Winfield leaning toward 'yes' to recreational pot sales
With Winfield facing budget challenges over the next few years, officials say they can't afford to say "no" to allowing recreational marijuana sales.
Trustees are expected to vote in the next few weeks on an ordinance to allow businesses to sell marijuana under Illinois' Cannabis Regulation and Tax Act, which will make recreational use and possession by adults legal across the state beginning Jan. 1.
If approved, the ordinance would allow dispensaries in commercial areas along Roosevelt Road, North Avenue and St. Charles Road. They wouldn't be permitted in Town Center and officials are still debating whether to allow them along Geneva Road.
Village President Erik Spande said he's "extremely confident" the ordinance will be approved.
"There will be a potential home for a dispensary in Winfield," he said.
Spande said the move is motivated by the need for additional sales tax revenue.
"I personally do not advocate or support the use of recreational marijuana," Spande said. "So if I had my druthers, I would say 'no.' But I have to put my personal feelings aside because the village needs the revenue to support services."
Spande said Winfield has a roughly $5 million general fund -- the portion of the budget that pays for salaries and operating expenses.
Roughly $500,000 of that comes from a red-light camera at the intersection of Winfield and Roosevelt roads. But Spande said that camera is expected to go away when the state rebuilds the intersection. There's also a chance state lawmakers will ban red-light cameras.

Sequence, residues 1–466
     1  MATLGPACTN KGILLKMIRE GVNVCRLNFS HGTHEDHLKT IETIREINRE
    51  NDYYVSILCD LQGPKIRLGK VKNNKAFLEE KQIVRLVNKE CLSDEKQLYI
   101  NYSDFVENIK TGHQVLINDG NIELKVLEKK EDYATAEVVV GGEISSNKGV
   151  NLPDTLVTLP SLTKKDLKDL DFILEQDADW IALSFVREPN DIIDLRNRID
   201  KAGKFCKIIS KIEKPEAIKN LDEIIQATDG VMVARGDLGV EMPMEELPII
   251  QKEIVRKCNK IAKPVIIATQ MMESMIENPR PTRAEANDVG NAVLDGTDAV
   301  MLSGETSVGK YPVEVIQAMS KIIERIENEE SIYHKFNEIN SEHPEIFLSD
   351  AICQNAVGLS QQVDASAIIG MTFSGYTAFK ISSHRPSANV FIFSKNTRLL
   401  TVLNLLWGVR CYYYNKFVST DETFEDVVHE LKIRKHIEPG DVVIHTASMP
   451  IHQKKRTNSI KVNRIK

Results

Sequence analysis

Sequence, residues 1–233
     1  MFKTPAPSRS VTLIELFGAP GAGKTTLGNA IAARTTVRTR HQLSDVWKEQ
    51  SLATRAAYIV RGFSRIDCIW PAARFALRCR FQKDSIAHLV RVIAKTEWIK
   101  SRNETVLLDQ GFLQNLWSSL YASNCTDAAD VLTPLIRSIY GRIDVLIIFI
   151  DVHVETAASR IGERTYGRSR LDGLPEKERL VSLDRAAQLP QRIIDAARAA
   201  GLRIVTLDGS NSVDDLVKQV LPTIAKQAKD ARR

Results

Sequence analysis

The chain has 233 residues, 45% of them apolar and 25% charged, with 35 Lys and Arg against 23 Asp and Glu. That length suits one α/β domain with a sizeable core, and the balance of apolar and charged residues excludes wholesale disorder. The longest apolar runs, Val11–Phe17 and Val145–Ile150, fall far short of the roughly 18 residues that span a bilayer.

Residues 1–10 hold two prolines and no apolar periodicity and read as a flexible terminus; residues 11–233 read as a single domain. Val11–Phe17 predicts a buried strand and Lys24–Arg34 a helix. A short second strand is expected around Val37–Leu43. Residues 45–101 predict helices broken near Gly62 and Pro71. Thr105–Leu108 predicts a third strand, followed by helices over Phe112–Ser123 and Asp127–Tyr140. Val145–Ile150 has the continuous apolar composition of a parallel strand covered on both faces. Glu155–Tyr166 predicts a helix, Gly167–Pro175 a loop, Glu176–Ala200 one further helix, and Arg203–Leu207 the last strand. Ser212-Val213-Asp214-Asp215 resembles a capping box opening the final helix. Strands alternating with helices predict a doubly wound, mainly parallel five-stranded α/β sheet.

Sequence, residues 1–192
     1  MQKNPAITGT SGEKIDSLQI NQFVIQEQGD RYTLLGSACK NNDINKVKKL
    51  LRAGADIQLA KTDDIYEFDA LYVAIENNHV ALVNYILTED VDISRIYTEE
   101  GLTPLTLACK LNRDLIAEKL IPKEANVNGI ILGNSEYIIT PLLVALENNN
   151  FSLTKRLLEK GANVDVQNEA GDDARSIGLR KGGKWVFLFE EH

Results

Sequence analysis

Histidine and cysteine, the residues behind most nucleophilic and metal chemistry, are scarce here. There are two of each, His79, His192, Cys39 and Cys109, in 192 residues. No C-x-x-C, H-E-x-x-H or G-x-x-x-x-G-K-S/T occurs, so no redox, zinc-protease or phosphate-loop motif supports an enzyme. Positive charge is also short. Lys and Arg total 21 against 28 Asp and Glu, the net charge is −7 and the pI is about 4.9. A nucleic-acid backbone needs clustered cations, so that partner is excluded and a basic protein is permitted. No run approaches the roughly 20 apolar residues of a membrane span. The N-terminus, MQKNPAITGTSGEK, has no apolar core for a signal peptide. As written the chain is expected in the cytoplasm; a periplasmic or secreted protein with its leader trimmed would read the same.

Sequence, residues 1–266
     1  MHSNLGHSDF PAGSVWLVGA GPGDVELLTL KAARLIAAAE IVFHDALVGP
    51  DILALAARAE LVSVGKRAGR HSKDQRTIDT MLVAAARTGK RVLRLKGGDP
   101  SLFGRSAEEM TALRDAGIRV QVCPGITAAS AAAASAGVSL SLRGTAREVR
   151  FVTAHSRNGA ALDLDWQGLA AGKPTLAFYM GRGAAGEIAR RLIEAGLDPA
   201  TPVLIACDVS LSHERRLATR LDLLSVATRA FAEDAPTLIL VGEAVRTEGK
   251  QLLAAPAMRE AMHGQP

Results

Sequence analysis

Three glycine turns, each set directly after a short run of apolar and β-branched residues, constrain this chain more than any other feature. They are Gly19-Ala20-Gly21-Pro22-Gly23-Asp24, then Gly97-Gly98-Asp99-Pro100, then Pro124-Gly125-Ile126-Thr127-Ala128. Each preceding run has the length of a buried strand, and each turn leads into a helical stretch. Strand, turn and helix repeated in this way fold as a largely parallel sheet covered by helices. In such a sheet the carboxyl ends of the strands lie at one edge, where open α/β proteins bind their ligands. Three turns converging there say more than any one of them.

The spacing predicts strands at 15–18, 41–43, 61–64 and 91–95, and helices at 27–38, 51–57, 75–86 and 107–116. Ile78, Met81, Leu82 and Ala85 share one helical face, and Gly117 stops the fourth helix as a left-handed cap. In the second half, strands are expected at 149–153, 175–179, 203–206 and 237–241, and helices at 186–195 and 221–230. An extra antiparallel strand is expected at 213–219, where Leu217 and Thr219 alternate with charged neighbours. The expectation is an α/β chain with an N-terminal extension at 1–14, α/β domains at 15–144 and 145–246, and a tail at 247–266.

"Regardless of what happens, we're going to lose 10% of our general fund in the next couple of years," he said.
Another financial concern is that a yearly $900,000 grant from Northwestern Medicine Central DuPage Hospital is set to expire in 2021.
CDH awards the grant to compensate Winfield for the services it provides to the tax-exempt institution. But it's yet to be determined whether the deal will be renewed.
"Even though we're in a good financial position now," Spande said, "we're always very concerned about making sure we can keep our service levels where they are."
Under the state law, towns that permit dispensaries are allowed to place local sales taxes of up to 3% on such sales. Spande said the village would impose the full 3%.
"If we're going to do it, we're all in," he said.
In addition, Winfield receives a 1% state sales tax and a 0.5% nonhome-rule sales tax. As a result, the village could receive a total sales tax of 4.5% on gross recreational cannabis sales.
If Winfield allows the sales, officials estimate the village could collect $400,000 to $500,000 a year in additional tax revenue.
"The financial reality is such that we feel like we have to proceed," Spande said.
The village held a public hearing in September to gather resident input. The plan and zoning commission held a public hearing last month before recommending text amendments regarding cannabis businesses. As part of Winfield's proposed ordinance, dispensaries would be required to get special use permits.